Top Historic Sights in Islay, United Kingdom

Explore the historic highlights of Islay

Bowmore Distillery

Bowmore distillery produces scotch whisky on the isle of Islay. It was established in 1779 by a local merchant, John P. Simpson, before passing into the ownership of the Mutter family, a family of German descent. James Mutter, head of the family, also had farming interests and was Vice Consul representing the Ottoman Empire, Portugal, and Brazil through their Glasgow consulates. There are no records that pinpoint the date ...
Founded: 1779 | Location: Islay, United Kingdom

Ardbeg Distillery

The Ardbeg distillery has been producing whisky since 1798, and began commercial production in 1815. Like most Scottish distilleries, for most of its history, its whisky was produced for use in blended whisky, rather than as a single malt. Production was halted in 1981, but resumed on a limited basis in 1989 and continued at a low level through late 1996. The distillery was bought and reopened by Glenmorangie plc (owned b ...
Founded: 1815 | Location: Islay, United Kingdom

Bruichladdich Distillery

Bruichladdich Distillery produces mainly single malt Scotch whisky, but has also offered artisanal gin. It is owned by Rémy Cointreau and is one of eight working distilleries on the island. Bruichladdich was built in 1881 by the Harvey brothers on the shore of Loch Indaal. The Harveys were a dynastic whisky family that had owned two Glasgow distilleries since 1770. Using an inheritance, the three brothers combined ...
Founded: 1881 | Location: Islay, United Kingdom

Bunnahabhain Distillery

The Bunnahabhain Distillery was founded in 1881 near Port Askaig on Islay. The village of Bunnahabhain was founded to house its workers. The Bunnahabhain is one of the milder single malt Islay whiskies available and its taste varies greatly from other spirits to be found on the island of Islay, off the west coast of Scotland.
Founded: 1881 | Location: Islay, United Kingdom

Kildalton Cross

The Kildalton Cross is a monolithic high cross in Celtic cross form in the churchyard of the former parish church of Kildalton. It was carved probably in the second half of the 8th century AD, and is closely related to crosses of similar date on Iona. It is often considered the finest surviving Celtic cross in Scotland, and is certainly one of the most perfect monuments of its date to survive on western Europe. A simpler ...
Founded: 8th century AD | Location: Islay, United Kingdom

Finlaggan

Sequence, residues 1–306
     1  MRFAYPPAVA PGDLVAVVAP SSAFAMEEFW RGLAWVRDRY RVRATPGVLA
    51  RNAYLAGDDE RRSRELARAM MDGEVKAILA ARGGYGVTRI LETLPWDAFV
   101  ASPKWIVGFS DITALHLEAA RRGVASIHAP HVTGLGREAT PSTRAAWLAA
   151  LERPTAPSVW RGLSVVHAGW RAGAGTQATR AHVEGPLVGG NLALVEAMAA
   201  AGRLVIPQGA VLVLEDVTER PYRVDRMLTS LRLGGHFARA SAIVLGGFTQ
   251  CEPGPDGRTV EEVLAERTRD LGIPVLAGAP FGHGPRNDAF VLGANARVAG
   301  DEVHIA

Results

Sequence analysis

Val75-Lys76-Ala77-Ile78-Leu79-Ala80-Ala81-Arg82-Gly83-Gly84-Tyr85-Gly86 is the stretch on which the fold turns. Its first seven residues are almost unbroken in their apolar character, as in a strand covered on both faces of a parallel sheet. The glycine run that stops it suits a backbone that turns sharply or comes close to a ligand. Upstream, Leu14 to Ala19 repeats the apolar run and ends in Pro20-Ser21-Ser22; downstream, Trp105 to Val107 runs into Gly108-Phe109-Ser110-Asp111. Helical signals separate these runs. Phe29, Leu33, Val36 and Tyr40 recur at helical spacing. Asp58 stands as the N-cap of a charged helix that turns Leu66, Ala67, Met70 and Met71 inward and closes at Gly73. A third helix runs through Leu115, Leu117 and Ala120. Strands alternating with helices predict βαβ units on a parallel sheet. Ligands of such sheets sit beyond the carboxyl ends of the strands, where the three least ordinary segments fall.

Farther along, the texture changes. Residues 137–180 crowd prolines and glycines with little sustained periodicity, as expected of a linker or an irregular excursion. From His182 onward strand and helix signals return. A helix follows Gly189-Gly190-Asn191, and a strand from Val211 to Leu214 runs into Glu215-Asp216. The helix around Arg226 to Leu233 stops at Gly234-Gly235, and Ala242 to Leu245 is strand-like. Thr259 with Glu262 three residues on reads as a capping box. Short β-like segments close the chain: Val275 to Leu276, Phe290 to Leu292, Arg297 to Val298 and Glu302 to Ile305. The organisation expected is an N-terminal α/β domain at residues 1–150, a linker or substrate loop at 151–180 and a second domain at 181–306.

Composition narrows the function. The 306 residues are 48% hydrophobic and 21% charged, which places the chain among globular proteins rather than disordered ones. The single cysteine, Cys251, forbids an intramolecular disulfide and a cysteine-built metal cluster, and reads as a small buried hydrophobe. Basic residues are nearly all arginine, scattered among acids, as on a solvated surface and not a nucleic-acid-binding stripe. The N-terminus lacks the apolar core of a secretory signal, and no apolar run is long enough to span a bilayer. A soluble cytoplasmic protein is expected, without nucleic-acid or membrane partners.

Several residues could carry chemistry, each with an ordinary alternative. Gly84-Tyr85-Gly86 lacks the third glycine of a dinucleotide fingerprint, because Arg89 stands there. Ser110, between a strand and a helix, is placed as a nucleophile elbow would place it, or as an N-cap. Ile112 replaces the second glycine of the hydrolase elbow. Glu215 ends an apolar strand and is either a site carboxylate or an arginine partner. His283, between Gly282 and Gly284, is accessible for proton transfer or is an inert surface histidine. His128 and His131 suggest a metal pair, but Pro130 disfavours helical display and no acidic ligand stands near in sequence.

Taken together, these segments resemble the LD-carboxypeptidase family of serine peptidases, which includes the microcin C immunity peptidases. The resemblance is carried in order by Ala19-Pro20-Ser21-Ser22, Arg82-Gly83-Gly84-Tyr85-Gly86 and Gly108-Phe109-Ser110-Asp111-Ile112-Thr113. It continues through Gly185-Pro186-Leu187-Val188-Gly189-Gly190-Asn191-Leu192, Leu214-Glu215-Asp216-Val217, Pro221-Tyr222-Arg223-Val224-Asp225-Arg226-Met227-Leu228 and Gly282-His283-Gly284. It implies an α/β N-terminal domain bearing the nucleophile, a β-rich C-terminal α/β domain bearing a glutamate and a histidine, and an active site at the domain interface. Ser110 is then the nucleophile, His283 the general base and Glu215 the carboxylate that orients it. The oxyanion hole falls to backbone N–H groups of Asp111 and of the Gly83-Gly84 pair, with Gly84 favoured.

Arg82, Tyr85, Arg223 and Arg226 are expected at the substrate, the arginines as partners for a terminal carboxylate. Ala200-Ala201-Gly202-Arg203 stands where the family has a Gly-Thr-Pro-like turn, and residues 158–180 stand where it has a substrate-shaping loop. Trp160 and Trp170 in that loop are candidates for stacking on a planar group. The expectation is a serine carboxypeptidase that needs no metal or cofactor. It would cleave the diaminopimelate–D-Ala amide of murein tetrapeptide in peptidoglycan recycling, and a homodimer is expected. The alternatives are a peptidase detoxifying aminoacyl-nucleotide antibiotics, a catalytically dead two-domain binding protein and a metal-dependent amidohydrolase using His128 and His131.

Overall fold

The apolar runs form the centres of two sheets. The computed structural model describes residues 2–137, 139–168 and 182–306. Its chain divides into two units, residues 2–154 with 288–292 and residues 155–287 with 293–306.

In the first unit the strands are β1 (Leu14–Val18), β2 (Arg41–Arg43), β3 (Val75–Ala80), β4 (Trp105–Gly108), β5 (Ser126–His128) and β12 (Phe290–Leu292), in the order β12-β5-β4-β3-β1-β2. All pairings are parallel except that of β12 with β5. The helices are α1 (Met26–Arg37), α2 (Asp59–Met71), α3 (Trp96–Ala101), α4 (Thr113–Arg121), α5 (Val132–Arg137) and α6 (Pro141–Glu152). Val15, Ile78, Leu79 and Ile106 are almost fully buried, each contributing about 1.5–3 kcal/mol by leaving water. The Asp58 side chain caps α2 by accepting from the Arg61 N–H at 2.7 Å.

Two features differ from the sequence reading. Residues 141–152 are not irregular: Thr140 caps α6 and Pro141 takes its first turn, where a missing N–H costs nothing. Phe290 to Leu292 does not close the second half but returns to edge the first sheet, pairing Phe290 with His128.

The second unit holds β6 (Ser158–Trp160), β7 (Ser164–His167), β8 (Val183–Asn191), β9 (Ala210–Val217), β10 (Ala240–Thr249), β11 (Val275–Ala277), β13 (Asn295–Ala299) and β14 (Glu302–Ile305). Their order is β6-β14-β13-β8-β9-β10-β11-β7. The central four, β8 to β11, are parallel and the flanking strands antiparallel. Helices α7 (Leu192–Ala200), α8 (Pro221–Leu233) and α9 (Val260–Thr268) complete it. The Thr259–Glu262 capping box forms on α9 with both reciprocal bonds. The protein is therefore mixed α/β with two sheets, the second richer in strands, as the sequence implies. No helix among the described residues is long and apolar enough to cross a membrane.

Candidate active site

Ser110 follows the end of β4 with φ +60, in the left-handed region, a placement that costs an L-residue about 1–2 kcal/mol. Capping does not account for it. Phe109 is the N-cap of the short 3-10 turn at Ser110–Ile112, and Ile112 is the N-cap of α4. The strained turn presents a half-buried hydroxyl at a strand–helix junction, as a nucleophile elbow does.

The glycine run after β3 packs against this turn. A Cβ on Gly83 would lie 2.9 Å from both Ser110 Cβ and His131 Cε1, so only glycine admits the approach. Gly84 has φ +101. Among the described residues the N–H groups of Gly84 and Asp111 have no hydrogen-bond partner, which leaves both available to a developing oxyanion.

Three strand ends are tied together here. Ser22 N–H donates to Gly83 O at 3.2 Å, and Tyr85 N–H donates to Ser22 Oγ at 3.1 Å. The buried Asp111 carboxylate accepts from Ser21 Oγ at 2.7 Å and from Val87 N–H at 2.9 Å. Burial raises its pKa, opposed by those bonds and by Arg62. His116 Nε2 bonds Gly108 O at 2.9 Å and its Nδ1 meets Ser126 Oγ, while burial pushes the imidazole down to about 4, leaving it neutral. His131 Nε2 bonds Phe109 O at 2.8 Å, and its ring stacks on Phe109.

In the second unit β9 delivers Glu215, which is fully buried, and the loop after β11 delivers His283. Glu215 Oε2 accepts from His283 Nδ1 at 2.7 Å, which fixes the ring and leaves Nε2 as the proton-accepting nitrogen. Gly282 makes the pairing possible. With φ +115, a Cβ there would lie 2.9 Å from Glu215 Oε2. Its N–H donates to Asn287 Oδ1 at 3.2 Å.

Finlaggan is a historic site on Eilean Mòr in Loch Finlaggan. Loch, island, and Finlaggan Castle lie around two km to the northwest of Ballygrant on Islay. Finlaggan was the seat of the Lords of the Isles and of Clan Donald. Two of the three islands that lie in the expansive scenery surrounding Loch Finlaggan, Eilean Mor and Eilean na Comhairle, were the administrative centre of the Lordship of the Isles during the ...
Founded: 13th century | Location: Islay, United Kingdom

Dunyvaig Castle Ruins

Dunyvaig Castle was built on top of an ancient fort or dun in the 12th century. Forfeited in 1493, the castle passed to the MacIans of Ardnamurchan. Afterwards the castle was leased to the MacDonalds, then the Campbells and back to the MacDonalds. In the 17th century Dunyvaig was conquered several times by the English and Scottish armies. The castle was seized in 1647 by the Covenanters and passed into the hands of the C ...
Founded: 12th century | Location: Islay, United Kingdom

Featured Historic Landmarks, Sites & Buildings

Historic Site of the week

Late Baroque Town of Ragusa

The eight towns in south-eastern Sicily, including Ragusa, were all rebuilt after 1693 on or beside towns existing at the time of the earthquake which took place in that year. They represent a considerable collective undertaking, successfully carried out at a high level of architectural and artistic achievement. Keeping within the late Baroque style of the day, they also depict distinctive innovations in town planning and urban building. Together with seven other cities in the Val di Noto, it is part of a UNESCO World Heritage Site.

In 1693 Ragusa was devastated by a huge earthquake, which killed some 5,000 inhabitants. Following this catastrophe the city was largely rebuilt, and many Baroque buildings from this time remain in the city. Most of the population moved to a new settlement in the former district of Patro, calling this new municipality 'Ragusa Superiore' (Upper Ragusa) and the ancient city 'Ragusa Inferiore' (Lower Ragusa). The two cities remained separated until 1926, when they were fused together to become a provincial capital in 1927.